• Bringing both the Consumer Financial Protection Bureau (CFPB) and Office of Financial Research under the normal appropriations process to ensure accountability.
  • Restricting the Securities and Exchange Commission (SEC) from considering a rulemaking petition on political spending disclosures.  Electioneering activities that are the subject of such a rulemaking petition are already disclosed under election law, and such a petition is outside the jurisdiction of the SEC.  Furthermore, shareholders have routinely rejected these disclosures when they have been proposed by shareholder resolution.  Also, support maintaining the funding restriction that prohibits political spending or campaign activity reporting requirements or regulations as a condition of submitting any federal contract offers.
  • Prohibiting the SEC from developing, implementing, finalizing, or enforcing universal proxy ballot proposals, and prohibiting any SEC rulemaking to allow or explore universal proxy ballots.
  • Reporting to Congress by financial regulators on their interactions and negotiations with international bodies, Financial Stability Board, Basel Committee on Banking Supervision, International Association of Insurance Supervisors, and the International Organization of Securities Commissions.  While global coordination can be beneficial, transparency will help ensure that policy aims are consistent with Congressional intent.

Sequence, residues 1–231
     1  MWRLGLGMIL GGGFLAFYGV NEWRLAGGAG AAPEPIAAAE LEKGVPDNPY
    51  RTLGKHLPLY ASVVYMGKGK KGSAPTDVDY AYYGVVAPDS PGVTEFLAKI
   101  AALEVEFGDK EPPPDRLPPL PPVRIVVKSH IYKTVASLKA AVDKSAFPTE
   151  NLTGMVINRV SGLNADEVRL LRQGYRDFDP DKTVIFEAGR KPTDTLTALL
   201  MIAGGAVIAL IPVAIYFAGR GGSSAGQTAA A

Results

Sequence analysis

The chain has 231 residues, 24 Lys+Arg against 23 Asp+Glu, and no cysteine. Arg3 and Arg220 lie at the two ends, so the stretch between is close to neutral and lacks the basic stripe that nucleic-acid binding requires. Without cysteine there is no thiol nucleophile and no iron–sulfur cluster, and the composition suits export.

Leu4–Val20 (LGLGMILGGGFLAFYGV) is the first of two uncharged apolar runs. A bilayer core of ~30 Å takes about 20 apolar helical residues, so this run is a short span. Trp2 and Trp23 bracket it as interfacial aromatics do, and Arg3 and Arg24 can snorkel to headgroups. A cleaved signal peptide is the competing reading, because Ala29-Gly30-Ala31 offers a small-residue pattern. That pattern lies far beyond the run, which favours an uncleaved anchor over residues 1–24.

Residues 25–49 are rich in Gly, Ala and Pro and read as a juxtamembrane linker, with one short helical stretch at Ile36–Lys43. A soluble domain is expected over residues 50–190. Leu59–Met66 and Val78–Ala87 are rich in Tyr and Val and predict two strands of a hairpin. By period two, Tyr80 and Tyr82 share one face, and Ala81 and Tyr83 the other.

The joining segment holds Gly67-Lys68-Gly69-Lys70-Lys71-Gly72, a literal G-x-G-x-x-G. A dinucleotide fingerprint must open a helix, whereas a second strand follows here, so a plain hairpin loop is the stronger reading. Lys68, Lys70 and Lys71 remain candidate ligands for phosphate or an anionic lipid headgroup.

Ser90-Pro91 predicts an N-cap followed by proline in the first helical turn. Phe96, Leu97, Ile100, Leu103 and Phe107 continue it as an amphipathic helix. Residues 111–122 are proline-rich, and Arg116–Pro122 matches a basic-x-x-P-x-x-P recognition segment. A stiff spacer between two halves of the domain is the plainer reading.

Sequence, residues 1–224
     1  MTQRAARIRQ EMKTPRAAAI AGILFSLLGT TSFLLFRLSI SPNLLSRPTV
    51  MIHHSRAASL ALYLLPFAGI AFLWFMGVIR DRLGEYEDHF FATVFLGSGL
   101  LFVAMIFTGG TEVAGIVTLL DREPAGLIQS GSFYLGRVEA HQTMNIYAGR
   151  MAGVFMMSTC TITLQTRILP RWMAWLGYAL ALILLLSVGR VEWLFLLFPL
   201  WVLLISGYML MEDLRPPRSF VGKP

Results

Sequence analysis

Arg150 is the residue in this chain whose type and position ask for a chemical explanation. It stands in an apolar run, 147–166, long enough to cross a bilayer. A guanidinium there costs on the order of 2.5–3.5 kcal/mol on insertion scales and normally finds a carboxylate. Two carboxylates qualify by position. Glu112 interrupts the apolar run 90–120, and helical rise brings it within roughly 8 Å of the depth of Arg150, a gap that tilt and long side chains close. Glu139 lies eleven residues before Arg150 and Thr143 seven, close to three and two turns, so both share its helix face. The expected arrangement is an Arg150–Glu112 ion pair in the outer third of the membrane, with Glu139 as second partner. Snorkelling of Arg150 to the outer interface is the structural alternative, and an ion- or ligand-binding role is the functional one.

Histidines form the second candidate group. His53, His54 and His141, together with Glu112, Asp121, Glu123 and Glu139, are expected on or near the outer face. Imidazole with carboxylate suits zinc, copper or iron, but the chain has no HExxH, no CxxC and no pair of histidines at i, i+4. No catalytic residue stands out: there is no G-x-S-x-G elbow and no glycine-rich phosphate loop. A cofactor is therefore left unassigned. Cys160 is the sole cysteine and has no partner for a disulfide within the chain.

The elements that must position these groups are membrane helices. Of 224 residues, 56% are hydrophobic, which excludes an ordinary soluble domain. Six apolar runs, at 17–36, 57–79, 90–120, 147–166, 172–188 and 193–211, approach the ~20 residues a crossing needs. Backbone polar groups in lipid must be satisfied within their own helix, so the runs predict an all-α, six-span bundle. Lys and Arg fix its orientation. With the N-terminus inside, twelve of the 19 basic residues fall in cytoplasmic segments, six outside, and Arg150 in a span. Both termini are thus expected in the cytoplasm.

• Funding for the Technology Modernization Fund (TMF) and IRS funding. The COVID-19 pandemic highlighted the need to modernize federal, state, and local government information technology systems. Although we applaud President Biden’s initial call for $9 billion for the TMF, we support the proposed $50 million for the TMF. Additionally, we support increased funding for IRS business system modernization and IRS cybersecurity.

          The Chamber opposes the following provisions:

  • Sec. 540. This section would prevent the Securities and Exchange Commission (SEC) from implementing reforms to proxy advisory firms that were finalized on July 22, 2020. These new rules and guidance provide oversight of proxy advisory firms, transparency on proxy advice, and ending conflicts of interest. These reforms are in the best interest of businesses and shareholders.

          We thank the Committee for providing the federal agencies with the resources needed to assist consumers, ensure the integrity of our markets, and support small businesses. The SBA has been on the front line for over a year assisting small businesses with new loan products to help employers meet payroll and to provide guidance during the global pandemic.  The Chamber appreciates your consideration of these recommendations as you prepare to mark up the Fiscal Year 2022 Financial Services and General Government Appropriations bill.

 Sincerely,

Neil L. Bradley

 

cc:  Members of the House Committee on Appropriations